Sunday, July 09, 2006

Truth, Justice and the American Way

Eureka! I've found a place where my politics and my comics converge!

There’s an interesting (and probably soon to be behind the subscription wall) article in the New York Times about the origins of Superman’s “truth, justice and the American way” slogan that a lot of conservative bloggers and bloviators are up in arms about. (Frank Langella’s Perry White asks “Does he still stand for Truth? Justice? All that stuff?” and O’Reilly and his goon squad have been taking it as a slight to the Republic.) The article acknowledges that as a serial character in several different media, Superman has always been a work in progress, and the slogan has always been changeable: From “a never-ending battle for truth and justice,” it morphed to “truth, tolerance and justice,” to the familiar TJAW in the 50s tv series, and even into “truth, justice and peace” on the old Superfriends show (although the NYT didn’t mention that).

So there’s really no reason to get upset at the loss of the phrase “the American way.” (Although I do have to wince a bit at one of the screenwriters saying that it was omitted so it would play better in foreign markets. Not so much at the admission, but at the acknowledgement that there are far fewer markets that consider the American way a good thing than there were a seven or eight years ago.)

But let’s look at the character for a moment, rather than the symbol. Superman is an immigrant. What’s more, he’s an illegal immigrant, with false papers the Kents somehow obtained for him when he was just an infant. Superman’s origins are well known to the world, and he’s been granted citizenship. Even if he hadn’t, he could certainly be considered a refugee, although since it took so long for Krypton’s status—and even its existence—to come to light, he’d probably be tied up in hellish paperwork. Still, it’s that Kent fellow who’s holding the job. I can’t imagine Bill O’Reilly would appreciate that if he gave it a minute’s thought.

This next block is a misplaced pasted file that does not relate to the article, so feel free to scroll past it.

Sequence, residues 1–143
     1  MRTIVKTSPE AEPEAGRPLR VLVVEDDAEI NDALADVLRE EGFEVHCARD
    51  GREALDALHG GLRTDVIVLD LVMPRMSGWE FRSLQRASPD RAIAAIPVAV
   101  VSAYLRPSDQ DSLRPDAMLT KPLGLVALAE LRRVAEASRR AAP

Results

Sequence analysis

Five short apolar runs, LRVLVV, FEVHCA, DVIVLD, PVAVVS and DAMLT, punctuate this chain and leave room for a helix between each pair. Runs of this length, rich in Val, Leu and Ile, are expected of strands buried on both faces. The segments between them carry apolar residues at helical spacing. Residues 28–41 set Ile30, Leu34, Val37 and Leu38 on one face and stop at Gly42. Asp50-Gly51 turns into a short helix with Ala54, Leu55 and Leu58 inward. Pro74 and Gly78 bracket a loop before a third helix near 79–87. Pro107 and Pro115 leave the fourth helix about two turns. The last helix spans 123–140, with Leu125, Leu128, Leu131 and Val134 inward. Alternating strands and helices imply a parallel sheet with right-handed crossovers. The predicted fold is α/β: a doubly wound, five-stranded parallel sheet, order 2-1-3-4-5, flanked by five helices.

Nonetheless, Superman is here, using his talents, powers and abilities to make his local community of Metropolis and the world as a whole a better place to be—all despite Clark Kent’s illegal status. He’s found a place where he can be everything he can be, and we all benefit from that.

On second thought maybe “the American way” should be in there after all.


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